PL AY­ERS

Marlin - - CONTENTS DEPARTMENTS - —Peter Fred­erik­sen

What were your first jobs when your fa­ther, Bill, and un­cle Bob Healey started Vik­ing Yachts in 1964?

Vik­ing was build­ing wooden boats back then. I was prob­a­bly 10 years old and would come to the fac­tory with my fa­ther on Satur­days. My first job was in the green oil depart­ment: The in­sides of the hulls needed mul­ti­ple coats of green wood preser­va­tive, so I used a big paint brush on a long stick and slopped the thin oil every­where so it would be ab­sorbed into the grain of the wood. I plugged the teak decks and was taught that each plug needed to have the grain go­ing in the right di­rec­tion, and I also packed oakum yarn be­tween the hull planks with a putty knife.

Did you know right away boat­build­ing would be your ca­reer?

Pretty much. And any time I com­plained about how hard the work was, my fa­ther told me a thou­sand times that grow­ing up in a boat­yard was bet­ter than be­ing on an iron pile, which is how he and my un­cle Jerry grew up. When I bitched, my fa­ther would ask, “So, you want to go to the iron pile? Come on, I’ll take you to Un­cle Jerry.”

Which de­part­ments have you worked in?

Dur­ing high school and col­lege, I worked through­out the sum­mer months and part time when I could, and I worked in all as­pects of boat­build­ing. I spent 10 years full time in pro­duc­tion, and en­joyed the fiber­glass work be­cause I was a surfer and fix­ing surf­boards was a given in my early teen years. But I also fixed up old boats — Well­crafts and other re­habs. I wanted to learn how to do all this, and I en­joyed it. I spent a lot of time in me­chan­i­cal set­ups and ba­si­cally went through the whole com­pany. Even­tu­ally, Rudy Dalinger put me in charge of the trim sec­tion and I worked there for about three years. I be­came a ser­vice su­per­vi­sor and fi­nally went into sales.

How did Hat­teras and Ber­tram in­flu­ence Vik­ing de­signs?

My fa­ther would wake me up be­fore the crack of dawn when we were at the boat shows in New York, Fort Laud­erdale and Mi­ami, and we would study the Hat­teras and Ber­tram dis­plays. They had a lot of great ideas, and each time we came away with im­prove­ments. We al­ways built a great boat, from the early 1970s, but our boats had what I call a Jersey style, while the oth­ers had their North Carolina and South Florida looks. They had that panache. So we set out to change the style, and it be­gan ap­pear­ing in our 35-, 41- and 46-foot con­vert­ibles. We could sell boat for boat with Hat­teras and Ber­tram in the North­east, but they would kick our ass every­where else.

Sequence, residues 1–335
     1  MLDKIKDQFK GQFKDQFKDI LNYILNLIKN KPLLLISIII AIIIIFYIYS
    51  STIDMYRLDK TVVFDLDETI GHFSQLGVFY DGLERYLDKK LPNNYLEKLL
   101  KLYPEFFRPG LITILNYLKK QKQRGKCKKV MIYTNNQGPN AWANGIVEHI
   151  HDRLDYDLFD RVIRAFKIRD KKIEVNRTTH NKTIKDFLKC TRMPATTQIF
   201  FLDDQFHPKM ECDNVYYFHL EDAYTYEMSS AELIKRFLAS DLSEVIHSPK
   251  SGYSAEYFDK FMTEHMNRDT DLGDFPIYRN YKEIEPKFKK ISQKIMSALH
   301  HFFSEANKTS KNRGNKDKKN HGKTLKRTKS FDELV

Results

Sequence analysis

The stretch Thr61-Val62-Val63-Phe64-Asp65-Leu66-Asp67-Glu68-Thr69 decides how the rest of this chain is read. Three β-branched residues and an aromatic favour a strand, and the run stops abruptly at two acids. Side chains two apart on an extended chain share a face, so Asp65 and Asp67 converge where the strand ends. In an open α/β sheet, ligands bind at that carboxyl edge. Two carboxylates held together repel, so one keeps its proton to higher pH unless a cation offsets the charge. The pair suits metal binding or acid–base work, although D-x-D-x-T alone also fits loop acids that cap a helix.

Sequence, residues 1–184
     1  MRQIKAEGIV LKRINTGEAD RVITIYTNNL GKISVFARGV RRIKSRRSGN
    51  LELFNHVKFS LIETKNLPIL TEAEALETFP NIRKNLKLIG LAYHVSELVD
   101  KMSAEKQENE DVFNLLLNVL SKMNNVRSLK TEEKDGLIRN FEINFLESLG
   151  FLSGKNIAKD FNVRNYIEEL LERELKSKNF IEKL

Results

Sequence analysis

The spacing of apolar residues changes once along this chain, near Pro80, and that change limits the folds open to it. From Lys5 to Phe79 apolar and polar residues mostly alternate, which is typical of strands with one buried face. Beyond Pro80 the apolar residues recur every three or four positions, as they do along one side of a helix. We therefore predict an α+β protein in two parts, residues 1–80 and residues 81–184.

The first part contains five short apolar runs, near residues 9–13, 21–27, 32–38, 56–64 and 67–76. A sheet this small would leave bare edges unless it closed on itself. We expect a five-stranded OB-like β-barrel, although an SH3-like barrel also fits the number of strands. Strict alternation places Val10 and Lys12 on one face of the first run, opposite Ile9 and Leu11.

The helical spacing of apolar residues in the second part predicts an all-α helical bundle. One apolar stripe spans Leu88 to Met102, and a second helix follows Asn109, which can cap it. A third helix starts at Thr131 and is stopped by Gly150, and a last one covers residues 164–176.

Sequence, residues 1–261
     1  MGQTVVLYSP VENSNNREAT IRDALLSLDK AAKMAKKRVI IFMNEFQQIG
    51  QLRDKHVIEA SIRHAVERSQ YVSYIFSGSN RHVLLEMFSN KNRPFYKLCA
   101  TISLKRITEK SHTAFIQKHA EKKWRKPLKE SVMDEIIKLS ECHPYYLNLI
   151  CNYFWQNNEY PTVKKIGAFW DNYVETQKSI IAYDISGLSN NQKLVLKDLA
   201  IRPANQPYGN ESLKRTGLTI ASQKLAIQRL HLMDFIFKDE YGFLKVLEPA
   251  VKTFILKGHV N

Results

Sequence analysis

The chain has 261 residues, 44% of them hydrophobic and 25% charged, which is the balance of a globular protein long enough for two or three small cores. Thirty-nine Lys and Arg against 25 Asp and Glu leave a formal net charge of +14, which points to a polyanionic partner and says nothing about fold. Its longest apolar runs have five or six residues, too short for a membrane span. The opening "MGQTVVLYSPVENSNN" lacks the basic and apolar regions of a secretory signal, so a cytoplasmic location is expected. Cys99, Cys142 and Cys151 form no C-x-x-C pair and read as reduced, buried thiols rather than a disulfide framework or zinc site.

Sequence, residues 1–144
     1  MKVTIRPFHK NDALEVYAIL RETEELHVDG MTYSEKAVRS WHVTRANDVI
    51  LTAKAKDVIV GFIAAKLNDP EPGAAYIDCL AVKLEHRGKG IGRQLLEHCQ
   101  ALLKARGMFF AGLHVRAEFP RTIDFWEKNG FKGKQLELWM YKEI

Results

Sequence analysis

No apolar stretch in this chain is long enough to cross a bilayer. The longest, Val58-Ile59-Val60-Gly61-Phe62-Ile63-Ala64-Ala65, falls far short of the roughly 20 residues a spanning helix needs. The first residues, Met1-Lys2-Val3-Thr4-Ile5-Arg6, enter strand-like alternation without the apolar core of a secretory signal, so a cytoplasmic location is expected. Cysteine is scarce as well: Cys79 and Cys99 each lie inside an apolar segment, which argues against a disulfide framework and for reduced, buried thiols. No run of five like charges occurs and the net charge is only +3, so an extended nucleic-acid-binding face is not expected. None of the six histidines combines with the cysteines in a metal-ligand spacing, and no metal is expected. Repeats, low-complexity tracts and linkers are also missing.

What is the driv­ing force at Vik­ing?

To build a bet­ter boat ev­ery day, a mantra my fa­ther came up with a long time ago. We strive to out-de­sign, out-build and out-ser­vice every­one. In 1995, I was the vice pres­i­dent of sales over­see­ing mar­ket­ing, sales and ser­vice. My fa­ther and I were butting heads on de­sign. I wanted to in­cor­po­rate the ideas of the younger mem­bers of our team. We were hard­core fish­er­men. So in 1996, my fa­ther gave us a shot with Bruce Wil­son and his son David, Drew Mc­Dow­ell, Lonni Rutt and me. We re­viewed the cus­tom boat­build­ing world and took those great fea­tures that were fo­cused on chas­ing billfish around the world and in­cor­po­rated those into the Vik­ing 55 Con­vert­ible. In the fall of 1997, we launched our first 55. By the time the boat ap­peared at the Fort Laud­erdale In­ter­na­tional Boat Show, we had sold the first 20 hulls. It be­came one of the most suc­cess­ful boats in our his­tory and ac­com­plished an equally im­por­tant mis­sion of de­liv­er­ing the boats on time, which to this day re­mains a com­pany bench­mark.